Although it sounds on the surface ludicrous, I think this highlights the very real dilemnas faced daily by members of the teaching profession. If a child refuses to move, there isn't anything a member of staff can do without physically engaging with the child, which understandably many teachers aren't willing to do. As someone else pointed out, teachers have been suspended and investigated over physically restraining children who have been actually attacking them! So god knows what could happen in a case like this! You also need to factor in that while the teacher is dealing with your one child, it might mean that 29 others are momentarily left unsupervised..... and if anything happens with them , you can guess whose career is on the line....

Caz10 · 24/06/2007 16:46

Sorry, just came across this..

as someone quite rightly pointed out:

  • your son can't be left alone outside unsupervised
  • the rest of your son's class can't be left INSIDE unsupervised
  • your son cannot be physically forced/carried inside.

    I have had a child in my class who used to do this quite regularly, and it is a nightmare. As mentioned above, there is very often not a "spare" person around to help out, especially in small schools. You can be quite sure the school would have tried speaking sternly/cajouling/persuading/anything to get your son to come in. But if he refuses, physical force is not an option. Not saying that your son does this, but I have seen a HUGE difference between children's behaviour in and out of school - a lot of parents would be amazed at the difference I think.

    "A firm hand on his arm accompanied with 'Come on Ben in you come now' would without doubt have the desired effect."
  • firstly some parents would sue over the firm hand
  • secondly - do you really think so??!!!
ViciousSquirrelSpotter · 24/06/2007 17:08

So what if you were at work in the middle of a meeting? I'd love to hear Xenia's views on this. How on earth are mothers supposed to go out to work if schools can't take responsibility for controlling six year olds in their care and they could at any time be called a) to discipline their children and b) to take a week off school because their six year old has been suspended?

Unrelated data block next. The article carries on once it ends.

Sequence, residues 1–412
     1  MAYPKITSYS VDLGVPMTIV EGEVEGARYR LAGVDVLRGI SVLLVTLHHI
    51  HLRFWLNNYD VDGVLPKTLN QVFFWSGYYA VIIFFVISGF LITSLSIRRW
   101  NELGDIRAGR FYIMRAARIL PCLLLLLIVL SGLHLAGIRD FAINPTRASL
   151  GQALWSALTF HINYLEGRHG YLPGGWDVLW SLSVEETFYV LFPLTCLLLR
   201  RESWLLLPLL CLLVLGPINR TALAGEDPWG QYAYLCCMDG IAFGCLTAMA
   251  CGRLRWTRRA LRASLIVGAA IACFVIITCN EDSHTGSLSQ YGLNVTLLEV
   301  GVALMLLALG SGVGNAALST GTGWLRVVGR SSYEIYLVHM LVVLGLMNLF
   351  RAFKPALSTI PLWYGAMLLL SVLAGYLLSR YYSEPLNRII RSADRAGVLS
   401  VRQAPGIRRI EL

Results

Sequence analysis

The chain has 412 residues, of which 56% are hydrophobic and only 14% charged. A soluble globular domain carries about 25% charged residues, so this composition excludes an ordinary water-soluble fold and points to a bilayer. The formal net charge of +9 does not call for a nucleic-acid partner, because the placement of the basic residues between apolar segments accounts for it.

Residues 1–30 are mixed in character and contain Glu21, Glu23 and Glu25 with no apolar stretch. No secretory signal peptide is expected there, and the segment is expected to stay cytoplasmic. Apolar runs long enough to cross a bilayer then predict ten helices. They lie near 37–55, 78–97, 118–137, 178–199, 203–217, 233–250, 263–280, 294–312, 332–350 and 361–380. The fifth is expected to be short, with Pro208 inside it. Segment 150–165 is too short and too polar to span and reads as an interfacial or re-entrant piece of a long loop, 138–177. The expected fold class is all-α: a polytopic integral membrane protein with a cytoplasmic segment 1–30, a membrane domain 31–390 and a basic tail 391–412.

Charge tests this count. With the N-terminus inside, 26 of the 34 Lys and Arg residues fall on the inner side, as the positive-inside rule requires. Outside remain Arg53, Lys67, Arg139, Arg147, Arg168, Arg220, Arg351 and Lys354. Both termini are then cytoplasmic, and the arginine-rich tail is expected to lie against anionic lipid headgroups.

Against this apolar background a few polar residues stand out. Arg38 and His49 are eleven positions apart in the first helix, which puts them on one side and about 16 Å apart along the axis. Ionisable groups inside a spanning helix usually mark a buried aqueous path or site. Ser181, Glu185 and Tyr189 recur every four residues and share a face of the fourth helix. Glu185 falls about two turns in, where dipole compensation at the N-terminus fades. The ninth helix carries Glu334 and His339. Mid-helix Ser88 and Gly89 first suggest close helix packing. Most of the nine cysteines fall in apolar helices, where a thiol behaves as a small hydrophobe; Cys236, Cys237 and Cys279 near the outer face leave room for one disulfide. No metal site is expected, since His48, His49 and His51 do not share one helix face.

Surely there's more to this than meets the eye? What does OFSTED say about this unusual and remarkably ineffectual policy? What do the governors say about it?
(What would the local press say about it?) Are there any other factors involved sarah?

RosemaryWoodhouse · 24/06/2007 17:10

Next time the school call you, you should march him into the class, pull down his trousers and spank him on his bottom in front of his fellow pupils. Hopefully he won't do him again because he want the school to call you.

Caz10 · 24/06/2007 20:04

Meant to add that never at any point in these procedings did we call the child's parents - but just wanted to make the point that if a child refuses to do something, there is a limit to what the school can do to make them!
I would be more concerned about WHY your child has done this. It is not very common and surely indicates that there is something else going on, either with him or with his school experience. How the school handles it is less of a concern than finding out what the problem is.

Ladymuck · 24/06/2007 20:12

How long had your ds2 been in the playground for on these occasions? There simply must be something else going on here.

Elasticwoman · 24/06/2007 20:24

Is Ms Woodhouse the one who used to be on telly training dogs?

I think the OP might try to clarify the law on physical co-ercion of pupils. I have recently taught in a special school for ebd kids (emotional/behavioural disturbed) where it was ok for kids to be physically restrained where necessary, but needed to be done by specially trained staff. There was a classroom assistant who used to be a prison officer! I don't know whether it was legal just because it was a Special school, or because the staff were specially trained in safe methods of restraint.

It may be a moot point whether the mother should be called (although I personally find it very wet of the school) but there is no excuse for not punishing the child in school by loss of playtime or some other similar sanction.

Doesn't matter how "nice" the area is - children will still test the boundaries in any school.

MrsWho · 24/06/2007 20:41

I work in a SN school and we are allowed to restrain /move children BUT we have been trained and parents are always informed of the incident

cat64 · 24/06/2007 21:06

This reply has been deleted

Message withdrawn

MrsWho · 24/06/2007 21:20

Ours has a clause about if it sets a precedent for disruptive behaviour (something like that has been a while since I looked at it ) may come under that (just about?)if it is constant?

Noellefielding · 24/06/2007 21:51

I agree that physical force is very difficult for schools to use - if a child of 6 refuses a reasonable request - there must be more going on here. Do you know how long the child was reasoned with? As a parent governor we have been told how extremely careful staff must be before they lay a finger on a child.

I would work with the school and get to the bottom of it. The quickest solutions in schools seem to be when school and home work together and respect each other.